Work here began around 1770 when a shallow level was driven into the vein. This was followed in 1797 by what became the main haulage and lowest drainage level (adit).
The sinking of Engine Shaft began in 1820, and this reached an eventual depth of about 455 metres below the adit. Welsh Shaft, about 100 metres up the glen, was sinking by 1840. The mine was showing promise 1845 and dressing floors were soon built at the head of Laxey village.
The ore was also improving with depth and in 1854 the Lady Isabella waterwheel, named after the Governor’s wife, was set to work pumping from the Engine Shaft. Output continued to rise, and it 1864 it surpassed 1000 tons of lead ore. In the same year, when copper was also being produced, the mine raised 5356 tons of zinc ore!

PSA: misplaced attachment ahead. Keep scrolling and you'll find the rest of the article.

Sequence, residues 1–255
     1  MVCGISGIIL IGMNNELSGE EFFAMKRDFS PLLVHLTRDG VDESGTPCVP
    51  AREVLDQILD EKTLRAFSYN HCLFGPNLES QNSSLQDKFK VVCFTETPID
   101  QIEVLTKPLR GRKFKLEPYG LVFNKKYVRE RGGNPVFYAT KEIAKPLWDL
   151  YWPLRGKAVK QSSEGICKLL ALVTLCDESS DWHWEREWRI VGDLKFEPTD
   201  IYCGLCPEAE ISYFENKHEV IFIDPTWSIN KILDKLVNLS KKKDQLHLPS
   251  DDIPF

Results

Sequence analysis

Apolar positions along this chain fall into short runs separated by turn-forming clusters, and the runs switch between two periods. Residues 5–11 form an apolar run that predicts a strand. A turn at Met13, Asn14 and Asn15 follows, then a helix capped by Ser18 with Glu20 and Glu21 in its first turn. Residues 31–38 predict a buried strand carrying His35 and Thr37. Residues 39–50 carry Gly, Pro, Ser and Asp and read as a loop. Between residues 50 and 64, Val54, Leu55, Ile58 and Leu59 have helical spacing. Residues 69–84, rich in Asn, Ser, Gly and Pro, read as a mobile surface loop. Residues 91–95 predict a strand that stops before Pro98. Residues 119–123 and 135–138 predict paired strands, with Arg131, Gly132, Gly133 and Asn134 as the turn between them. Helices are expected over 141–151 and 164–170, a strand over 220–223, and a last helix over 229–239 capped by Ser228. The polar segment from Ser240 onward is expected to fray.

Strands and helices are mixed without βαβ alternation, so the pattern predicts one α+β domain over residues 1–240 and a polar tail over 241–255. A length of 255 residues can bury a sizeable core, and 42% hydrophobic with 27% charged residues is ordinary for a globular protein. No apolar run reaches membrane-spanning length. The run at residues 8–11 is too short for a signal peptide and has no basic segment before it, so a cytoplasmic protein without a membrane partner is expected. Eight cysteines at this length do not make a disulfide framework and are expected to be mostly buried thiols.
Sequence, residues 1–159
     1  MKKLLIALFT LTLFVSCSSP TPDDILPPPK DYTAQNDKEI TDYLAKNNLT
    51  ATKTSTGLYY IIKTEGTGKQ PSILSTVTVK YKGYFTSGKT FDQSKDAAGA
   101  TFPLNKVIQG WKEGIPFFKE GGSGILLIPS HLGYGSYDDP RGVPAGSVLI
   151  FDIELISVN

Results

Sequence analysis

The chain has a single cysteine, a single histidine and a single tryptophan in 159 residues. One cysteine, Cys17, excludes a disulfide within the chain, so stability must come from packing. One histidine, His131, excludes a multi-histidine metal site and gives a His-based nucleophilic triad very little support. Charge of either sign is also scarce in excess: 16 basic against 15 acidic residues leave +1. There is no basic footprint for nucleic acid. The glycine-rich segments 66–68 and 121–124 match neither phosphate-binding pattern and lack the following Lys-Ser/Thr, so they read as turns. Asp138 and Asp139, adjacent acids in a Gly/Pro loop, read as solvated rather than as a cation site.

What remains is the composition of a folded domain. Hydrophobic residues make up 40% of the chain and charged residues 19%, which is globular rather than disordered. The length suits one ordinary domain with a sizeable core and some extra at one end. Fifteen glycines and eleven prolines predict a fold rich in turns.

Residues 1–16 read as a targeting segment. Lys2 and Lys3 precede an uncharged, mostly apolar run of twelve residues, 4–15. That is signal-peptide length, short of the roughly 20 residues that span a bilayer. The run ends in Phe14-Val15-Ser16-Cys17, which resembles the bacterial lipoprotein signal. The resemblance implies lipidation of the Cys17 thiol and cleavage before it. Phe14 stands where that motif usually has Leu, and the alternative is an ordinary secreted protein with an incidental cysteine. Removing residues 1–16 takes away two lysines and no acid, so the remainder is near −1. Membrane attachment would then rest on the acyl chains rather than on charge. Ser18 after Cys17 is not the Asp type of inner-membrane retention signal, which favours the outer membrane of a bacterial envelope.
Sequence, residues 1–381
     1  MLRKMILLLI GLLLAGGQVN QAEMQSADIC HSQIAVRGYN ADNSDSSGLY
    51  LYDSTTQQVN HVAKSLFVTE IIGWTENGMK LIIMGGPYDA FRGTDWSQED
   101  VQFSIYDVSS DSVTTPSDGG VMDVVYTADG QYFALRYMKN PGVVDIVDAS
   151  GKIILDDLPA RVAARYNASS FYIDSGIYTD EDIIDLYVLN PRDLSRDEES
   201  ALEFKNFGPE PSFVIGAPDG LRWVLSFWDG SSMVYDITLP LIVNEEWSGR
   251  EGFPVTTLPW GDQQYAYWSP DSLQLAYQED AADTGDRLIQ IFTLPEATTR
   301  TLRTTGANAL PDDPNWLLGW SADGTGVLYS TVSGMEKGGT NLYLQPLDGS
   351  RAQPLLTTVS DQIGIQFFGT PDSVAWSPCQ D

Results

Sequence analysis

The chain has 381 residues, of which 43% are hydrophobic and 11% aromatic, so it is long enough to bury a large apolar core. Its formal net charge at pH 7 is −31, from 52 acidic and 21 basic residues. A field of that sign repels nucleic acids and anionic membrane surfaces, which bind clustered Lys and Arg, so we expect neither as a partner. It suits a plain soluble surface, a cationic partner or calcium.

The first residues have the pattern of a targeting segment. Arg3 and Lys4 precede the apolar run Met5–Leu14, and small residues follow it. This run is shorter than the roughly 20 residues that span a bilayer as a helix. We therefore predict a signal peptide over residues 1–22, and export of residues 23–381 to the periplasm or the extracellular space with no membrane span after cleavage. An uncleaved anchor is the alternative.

Even further up the glen, near the hamlet of Agneash, Dumbell’s and Agneash shafts had also found good ore. Workings from the former shaft eventually reached a depth of 552 metres below adit. The men were climbing to such depths using ladders so, to save them time and effort, a man engine was placed in Welsh shaft in 1881. It did not begin work until March 1883, however.
Despite a run of low lead prices from the 1870s, output held up until 1892, when it fell below 1000 tons for the first time since 1864, but zinc production remained strong. The mine survived World War I, but the death of 31 men through the breakage of a beam on the man engine at Levant Mine, in Cornwall, led to the closure of the one in Welsh shaft. Faced with long climbs to and from their work, the men went of a strike which lasted three years until a new owner took over. From then on the deeper levels were allowed to flood and a much reduced workforce gleaned available ore until closure in 1934.Return to previous page